eCommerce Fundamentals: Part 1

eCommerce plays a vital role in most people’s daily lives. It has been redefining commercial activity around the world for the last few decades. It all began in the early 90s, and steadily grew in popularity through the 90’s & 00’s while developing new features and capabilities. Its impressive growth isn’t over yet either, we can safely say ecommerce revenue will continue to grow for decades to come.

Now, in 2022, more than half of global consumers are shopping online. By 2040 it’s predicted that 95% of shopping will be facilitated by eCommerce. Retailers simply cannot afford to be left behind without an eCommerce offering. However, it’s not as simple as just setting up a store and hoping people find it – an effective digital marketing strategy is the key to growing your eCommerce business and finding success online.

PART ONE:


1: Choosing the right eCommerce platform

Whatever your needs, budget, resources, and future business goals, there is an eCommerce platform that will suit your business.

There are a few things to look for, such as ease of set-up, navigation style, security, integrations, SEO capabilities, mobile optimisation, analytics, payment options, and more. Just as each platform has its benefits, each also has its limitations. Setting up on the right platform from day one will save you time and money as your business grows. But if you’ve already got a website and don’t see your platform listed here, don’t worry. Most website providers offer eCommerce solutions – call your customer service representative to ask what they can do for you.

Pros and cons of the five major eCommerce platforms:

Shopify

One of the top-rated eCommerce platforms thanks to its ease of use and great integrations with popular saas applications. Shopify is a good choice for almost any business, and quick and easy to set up. We confidently recommend Shopify above all other platforms for new eCommerce businesses. 

WooCommerce (via WordPress)

Offering unlimited customisation options, WooCommerce is great for businesses who have the time and resources to personalise their shopping experience with full creative control.

Squarespace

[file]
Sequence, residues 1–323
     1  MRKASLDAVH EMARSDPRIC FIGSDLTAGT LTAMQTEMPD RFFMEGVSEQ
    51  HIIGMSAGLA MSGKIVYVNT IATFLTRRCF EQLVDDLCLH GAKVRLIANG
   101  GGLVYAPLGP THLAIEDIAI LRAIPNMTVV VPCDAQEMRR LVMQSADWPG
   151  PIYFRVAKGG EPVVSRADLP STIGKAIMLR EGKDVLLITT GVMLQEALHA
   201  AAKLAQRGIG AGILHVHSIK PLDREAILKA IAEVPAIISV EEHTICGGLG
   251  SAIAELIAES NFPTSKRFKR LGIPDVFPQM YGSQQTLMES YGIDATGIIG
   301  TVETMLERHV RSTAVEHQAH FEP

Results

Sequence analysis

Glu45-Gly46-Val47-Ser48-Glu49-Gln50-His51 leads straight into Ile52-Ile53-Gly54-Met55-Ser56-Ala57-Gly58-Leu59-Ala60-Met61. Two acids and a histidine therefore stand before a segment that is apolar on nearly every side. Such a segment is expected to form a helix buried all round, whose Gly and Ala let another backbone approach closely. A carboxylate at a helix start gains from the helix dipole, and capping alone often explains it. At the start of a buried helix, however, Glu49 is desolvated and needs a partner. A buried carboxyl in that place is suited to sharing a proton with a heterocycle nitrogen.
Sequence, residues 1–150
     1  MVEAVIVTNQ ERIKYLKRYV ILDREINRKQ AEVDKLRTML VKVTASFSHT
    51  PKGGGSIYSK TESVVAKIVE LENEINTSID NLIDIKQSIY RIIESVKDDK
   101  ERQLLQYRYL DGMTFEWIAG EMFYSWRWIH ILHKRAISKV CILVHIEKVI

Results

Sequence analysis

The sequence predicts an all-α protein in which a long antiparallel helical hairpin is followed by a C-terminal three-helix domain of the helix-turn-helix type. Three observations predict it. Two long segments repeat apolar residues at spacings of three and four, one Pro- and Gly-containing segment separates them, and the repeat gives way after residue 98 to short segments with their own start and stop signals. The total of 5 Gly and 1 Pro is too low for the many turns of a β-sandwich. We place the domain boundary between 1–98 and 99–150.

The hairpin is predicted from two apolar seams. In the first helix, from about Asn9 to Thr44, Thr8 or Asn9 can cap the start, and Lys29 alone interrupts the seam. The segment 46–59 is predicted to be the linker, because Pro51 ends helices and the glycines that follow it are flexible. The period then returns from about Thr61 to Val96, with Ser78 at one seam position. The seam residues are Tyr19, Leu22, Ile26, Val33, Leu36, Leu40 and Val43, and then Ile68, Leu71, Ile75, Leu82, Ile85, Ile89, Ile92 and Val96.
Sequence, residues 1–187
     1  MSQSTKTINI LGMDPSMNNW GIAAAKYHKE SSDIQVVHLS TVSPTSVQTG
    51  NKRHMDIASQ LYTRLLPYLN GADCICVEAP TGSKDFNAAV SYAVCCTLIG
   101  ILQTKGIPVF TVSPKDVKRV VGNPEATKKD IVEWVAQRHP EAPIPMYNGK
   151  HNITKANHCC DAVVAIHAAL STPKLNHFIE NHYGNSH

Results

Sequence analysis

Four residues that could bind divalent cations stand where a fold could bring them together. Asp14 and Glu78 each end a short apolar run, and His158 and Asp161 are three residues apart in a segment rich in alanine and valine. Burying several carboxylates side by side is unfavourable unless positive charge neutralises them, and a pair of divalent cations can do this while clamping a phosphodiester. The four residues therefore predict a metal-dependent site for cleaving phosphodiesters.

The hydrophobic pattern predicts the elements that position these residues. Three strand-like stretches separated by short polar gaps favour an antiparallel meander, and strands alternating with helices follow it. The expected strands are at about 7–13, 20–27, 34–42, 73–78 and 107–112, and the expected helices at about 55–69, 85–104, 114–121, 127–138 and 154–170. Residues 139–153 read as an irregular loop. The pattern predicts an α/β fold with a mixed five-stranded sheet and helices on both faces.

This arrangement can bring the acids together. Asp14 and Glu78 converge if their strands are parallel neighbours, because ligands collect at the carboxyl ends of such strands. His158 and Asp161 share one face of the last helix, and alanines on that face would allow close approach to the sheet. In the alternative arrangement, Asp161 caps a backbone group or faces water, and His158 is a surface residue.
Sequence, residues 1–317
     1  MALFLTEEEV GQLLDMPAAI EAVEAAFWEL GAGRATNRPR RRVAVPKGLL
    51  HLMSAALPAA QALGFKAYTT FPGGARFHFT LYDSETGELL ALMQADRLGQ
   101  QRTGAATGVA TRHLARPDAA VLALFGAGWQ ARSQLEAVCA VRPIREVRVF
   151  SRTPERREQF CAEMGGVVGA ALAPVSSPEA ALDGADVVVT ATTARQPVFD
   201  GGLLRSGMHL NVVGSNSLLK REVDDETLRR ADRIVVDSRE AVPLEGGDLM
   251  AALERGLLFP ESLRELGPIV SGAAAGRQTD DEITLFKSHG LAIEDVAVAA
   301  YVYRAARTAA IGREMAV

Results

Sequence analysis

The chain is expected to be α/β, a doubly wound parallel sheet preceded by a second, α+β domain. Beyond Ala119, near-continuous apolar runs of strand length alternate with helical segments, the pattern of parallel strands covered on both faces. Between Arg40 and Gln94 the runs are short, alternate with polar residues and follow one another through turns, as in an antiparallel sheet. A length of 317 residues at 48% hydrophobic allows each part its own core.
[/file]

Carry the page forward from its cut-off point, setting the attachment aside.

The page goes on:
Handy for small businesses who want a simple way to sell, Squarespace offers basic eCommerce tools in very user-friendly packaging. It’s a great option for small businesses to manage their own inventory and site without needing a designer.

BigCommerce

BigCommerce has plenty of features in-built and ready to use, including great SEO options. It’s ideal for businesses looking to scale up. One downside is that their interface can be cluttered, and sometimes confusing with its technical language.

Magento

An eCommerce platform built with open source technology, Magento offers powerful control over customising your website’s look, content, functionality, and shopping cart. It scales well, so you won’t have to shift platforms as you grow, but many of the more advanced customisations require programming knowledge.


2: Choose your payment gateways

After setting up your website, you’ll need to choose how you want your customers to pay for their purchases. There are a range of options to suit different business types, and offering different fee structures – take the time to think about which one will be best for your (and your customer’s) needs.

Paypal

Paypal lets users from anywhere in the world make secure payments with either their credit/debit card, or a personal Paypal account. It’s fast and easy to set up, with no monthly fees – you only get charged a transaction fee when someone actually makes a purchase.

One big downside of Paypal is that it redirects your customers to a Paypal page to complete their billing information, which can lead to a high drop- out rate because of the extra steps required to complete the purchase.

Apple Pay & Google Pay

Apple Pay and Google Pay can vastly simplify the checkout experience for your customers, making the journey from browser to buyer easy and efficient.

Both of these options allow your customers to connect their bank account to their Apple or Google accounts to complete purchases in a couple of easy taps. If the majority of your customers are tech- savvy or digital natives, and searching your store on their phones, this may quickly become your preferred method of payment.

Visa / Mastercard

To accept credit or debit card payments directly, you’ll first need a merchant account from your bank and a payment gateway provider that will integrate with your website. Fees will be charged by both your bank and gateway provider on each transaction.

One of the most popular gateway providers in NZ is Windcave (formerly Payment Express). It easily integrates with all major eCommerce platforms and supports a variety of payment methods.

Paystation (a local brand from Palmerston North), Stripe (a global brand popular with developers), and Bambora (owned by the largest payment company in the world, Ingenico) are also major players in the eCommerce payment game.

For more information on how to achieve a successful eCommerce website, contact Sprocket Digital today. Next up is part 2 two; logistics and accounting. 

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